Companies who, like A10 Networks, employ multiple element sales arrangements face particular challenges managing their revenue recognition processes. New and changing financial guidance has increased demands on revenue recognition teams, making processes more complex and increasing potential penalties for errors in revenue recognition, allocation and reporting. And, since the major ERP systems in use around the world do not include the kind of robust revenue cycle management capabilities needed to meet these accounting and regulatory requirements, many companies find they are forced to create and continually update very large, customized, stand-alone spreadsheets to help track and allocate revenue.

In early 2012, Stuart Mar, A10 Networks' Corporate Controller, led the search that resulted in the selection of RevPro. A10's choice was made based on a number of factors, including the need to reduce the time needed to close the financial period, ensure compliance with the latest guidance, achieve greater accuracy in revenue management, and provide executives even better tools for revenue forecasting and reporting.

“Holding our revenue data within a single system and calculating revenue consistently outside of a spreadsheet were extremely important to us,” Stuart Mar said recently. “Housing our revenue information in one place will assist us to forecast and slice-and-dice our data more thoroughly than we ever could before RevPro …”

RevPro automates and manages every process facing a revenue team – seamlessly integrating with the quote-to-cash processes of any ERP system to deliver unparalleled visibility, functionality and configurability to the revenue recognition and reporting process. With RevPro, users:

Automate all key revenue recognition requirements

Simplify all aspects of revenue and COGS management

Monitor revenue and all related activities on a real-time basis

Improve accuracy of revenue forecasting

Accelerate financial period-end close and revenue reporting cycles

Stay current and in compliance with the latest revenue guidance

Eliminate time-consuming and error-prone manual systems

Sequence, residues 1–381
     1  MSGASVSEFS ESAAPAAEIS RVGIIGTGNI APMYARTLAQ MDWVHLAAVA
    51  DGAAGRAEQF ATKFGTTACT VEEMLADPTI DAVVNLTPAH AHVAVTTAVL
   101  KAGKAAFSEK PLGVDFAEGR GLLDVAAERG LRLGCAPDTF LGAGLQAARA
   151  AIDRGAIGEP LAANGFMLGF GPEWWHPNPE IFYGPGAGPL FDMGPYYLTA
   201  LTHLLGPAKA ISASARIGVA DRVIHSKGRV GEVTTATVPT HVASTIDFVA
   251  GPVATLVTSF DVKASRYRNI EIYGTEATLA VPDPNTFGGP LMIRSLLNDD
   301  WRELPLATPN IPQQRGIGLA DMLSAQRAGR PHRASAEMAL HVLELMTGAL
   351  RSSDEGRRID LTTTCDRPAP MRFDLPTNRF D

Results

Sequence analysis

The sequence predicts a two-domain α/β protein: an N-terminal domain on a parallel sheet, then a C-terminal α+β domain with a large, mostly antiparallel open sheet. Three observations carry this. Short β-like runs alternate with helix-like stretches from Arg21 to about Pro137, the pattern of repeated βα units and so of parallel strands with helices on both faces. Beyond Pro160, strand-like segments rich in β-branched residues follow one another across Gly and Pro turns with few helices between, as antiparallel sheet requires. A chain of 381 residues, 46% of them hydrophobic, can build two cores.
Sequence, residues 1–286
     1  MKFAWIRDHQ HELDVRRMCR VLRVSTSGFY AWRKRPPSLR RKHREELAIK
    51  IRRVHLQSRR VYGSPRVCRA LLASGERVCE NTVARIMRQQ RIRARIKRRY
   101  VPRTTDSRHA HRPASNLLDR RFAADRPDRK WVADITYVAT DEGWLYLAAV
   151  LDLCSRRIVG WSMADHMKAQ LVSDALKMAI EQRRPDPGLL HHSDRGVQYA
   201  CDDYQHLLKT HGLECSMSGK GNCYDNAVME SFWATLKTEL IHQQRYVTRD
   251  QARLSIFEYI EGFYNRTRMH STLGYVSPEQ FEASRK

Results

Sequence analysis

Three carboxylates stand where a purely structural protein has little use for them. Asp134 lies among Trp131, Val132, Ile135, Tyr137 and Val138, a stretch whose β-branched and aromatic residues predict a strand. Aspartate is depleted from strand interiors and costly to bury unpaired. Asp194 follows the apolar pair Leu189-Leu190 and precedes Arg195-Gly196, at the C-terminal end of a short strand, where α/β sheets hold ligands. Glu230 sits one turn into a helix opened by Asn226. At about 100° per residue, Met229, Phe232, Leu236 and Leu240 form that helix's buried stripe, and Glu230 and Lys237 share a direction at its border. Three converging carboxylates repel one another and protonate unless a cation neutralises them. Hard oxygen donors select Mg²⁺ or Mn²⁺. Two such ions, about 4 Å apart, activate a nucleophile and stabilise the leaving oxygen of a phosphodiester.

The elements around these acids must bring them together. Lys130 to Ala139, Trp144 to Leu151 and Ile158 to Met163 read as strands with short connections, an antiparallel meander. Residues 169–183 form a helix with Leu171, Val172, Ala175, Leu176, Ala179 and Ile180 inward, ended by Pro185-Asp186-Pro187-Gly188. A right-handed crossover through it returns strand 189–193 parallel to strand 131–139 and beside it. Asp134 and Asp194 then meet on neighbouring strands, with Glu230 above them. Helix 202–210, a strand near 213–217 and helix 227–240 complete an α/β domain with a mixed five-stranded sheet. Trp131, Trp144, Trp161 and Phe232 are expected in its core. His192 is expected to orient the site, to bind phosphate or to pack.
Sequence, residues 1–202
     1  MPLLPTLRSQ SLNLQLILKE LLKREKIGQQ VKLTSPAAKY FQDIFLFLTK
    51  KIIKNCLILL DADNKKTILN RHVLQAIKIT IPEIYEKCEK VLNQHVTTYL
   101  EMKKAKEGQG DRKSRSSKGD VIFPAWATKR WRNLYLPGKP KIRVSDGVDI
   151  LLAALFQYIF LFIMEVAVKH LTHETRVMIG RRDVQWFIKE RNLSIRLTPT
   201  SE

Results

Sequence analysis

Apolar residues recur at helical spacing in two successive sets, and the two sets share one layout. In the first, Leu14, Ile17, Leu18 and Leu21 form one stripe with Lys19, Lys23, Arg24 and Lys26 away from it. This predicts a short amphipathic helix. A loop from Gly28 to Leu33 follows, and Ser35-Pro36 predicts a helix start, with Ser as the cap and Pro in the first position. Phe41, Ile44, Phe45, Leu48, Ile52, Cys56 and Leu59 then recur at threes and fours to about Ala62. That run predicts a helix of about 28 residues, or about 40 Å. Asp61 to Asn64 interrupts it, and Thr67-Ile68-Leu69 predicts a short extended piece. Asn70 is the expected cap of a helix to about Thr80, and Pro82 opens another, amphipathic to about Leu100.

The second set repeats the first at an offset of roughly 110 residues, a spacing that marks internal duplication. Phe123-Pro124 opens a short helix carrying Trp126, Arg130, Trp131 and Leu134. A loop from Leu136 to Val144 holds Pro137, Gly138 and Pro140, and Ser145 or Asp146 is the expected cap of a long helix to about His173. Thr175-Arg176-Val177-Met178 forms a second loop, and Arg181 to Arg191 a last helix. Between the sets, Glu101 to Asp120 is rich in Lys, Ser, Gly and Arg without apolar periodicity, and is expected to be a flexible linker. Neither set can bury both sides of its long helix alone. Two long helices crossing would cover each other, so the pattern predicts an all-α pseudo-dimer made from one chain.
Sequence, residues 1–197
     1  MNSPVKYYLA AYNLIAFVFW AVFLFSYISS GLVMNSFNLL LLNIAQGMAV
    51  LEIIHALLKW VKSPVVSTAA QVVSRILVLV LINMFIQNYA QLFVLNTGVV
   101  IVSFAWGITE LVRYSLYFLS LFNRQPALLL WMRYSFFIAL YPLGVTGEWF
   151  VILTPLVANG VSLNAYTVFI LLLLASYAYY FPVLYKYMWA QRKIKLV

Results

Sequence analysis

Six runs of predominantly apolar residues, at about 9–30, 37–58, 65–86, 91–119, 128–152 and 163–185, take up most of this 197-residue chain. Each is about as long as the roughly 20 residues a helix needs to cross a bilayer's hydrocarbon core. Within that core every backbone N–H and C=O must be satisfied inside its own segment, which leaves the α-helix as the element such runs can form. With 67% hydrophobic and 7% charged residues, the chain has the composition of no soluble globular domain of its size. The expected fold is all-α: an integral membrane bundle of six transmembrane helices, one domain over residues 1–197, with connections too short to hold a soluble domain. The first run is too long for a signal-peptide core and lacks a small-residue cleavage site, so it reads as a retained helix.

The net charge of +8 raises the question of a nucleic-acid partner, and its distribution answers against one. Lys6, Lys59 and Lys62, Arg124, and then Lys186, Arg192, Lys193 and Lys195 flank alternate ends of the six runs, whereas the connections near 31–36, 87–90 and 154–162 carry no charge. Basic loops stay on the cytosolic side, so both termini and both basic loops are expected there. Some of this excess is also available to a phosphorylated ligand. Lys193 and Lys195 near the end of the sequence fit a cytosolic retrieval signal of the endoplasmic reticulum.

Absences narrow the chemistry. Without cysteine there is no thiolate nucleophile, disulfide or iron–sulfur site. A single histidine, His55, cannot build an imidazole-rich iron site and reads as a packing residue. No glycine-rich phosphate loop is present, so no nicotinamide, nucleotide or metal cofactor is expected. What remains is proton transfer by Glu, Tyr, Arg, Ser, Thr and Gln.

Deploy on premise or in the cloud

Source: LeeyoSoftware.

O'Donnell said Sonus is in the process of ramping up the tool, but not without validating that the output is reliable. After significant time developing it to meet the company's needs, Sonus began using the tool in the third quarter of this year while also continuing with its manual calculations to compare the results. “We'll run it parallel for a quarter so we can [ensure] that it's exactly like it would have been under the other method,” he says. “Eventually we will get more comfortable with it and wean it down to just the material transactions. If the auditors are comfortable with it, we will go with it in the first quarter.”

So far, O'Donnell says the company can already see the efficiency. Under the manual method, Sonus spends two to three days performing the exercise, producing seven to eight pivot tables inside spreadsheets to capture and analyze the data it wants to see. “With this new system that will take a couple of hours,” he says.

Doug Reynolds, a partner in the national professional standards group at Grant Thornton, says he's interested to see how a software tool can automate such a judgment-driven accounting requirement. “The judgment of how to apply accounting rules is never going to be fully automated or black-boxed,” he says. “Maybe the data gathering and the sorting can be [automated]—the parameters, fences, and boundaries. If they're appropriately defined in the software application, it creates benefits for management and auditors.” Where accounting rules require human decisions, however, Reynolds is circumspect. “I'm not sure how a computer can know that,” he says.

As companies explore such software tools to automate complicated areas of accounting, they should expect auditors to roll up their sleeves, Reynolds says. “I think auditors should be pleased with this challenge, but they really do have the challenge and the responsibility to properly dig into that system and understand how it works and how it produces its reports,” he says. “Auditors really need to know that management has proper controls to assure it works.”

The rules for revenue recognition are still changing too, giving companies more reason for caution, says Bob Scarborough, CEO of solutions provider Tensoft. The Financial Accounting Standards Board is working with the International Accounting Standards Board to rewrite the entire rule book on revenue recognition, but the timing for a new standard is still uncertain. “Companies might debate what to do until a new system is in place,” he says. “It's hard to commit development time to something that's still evolving.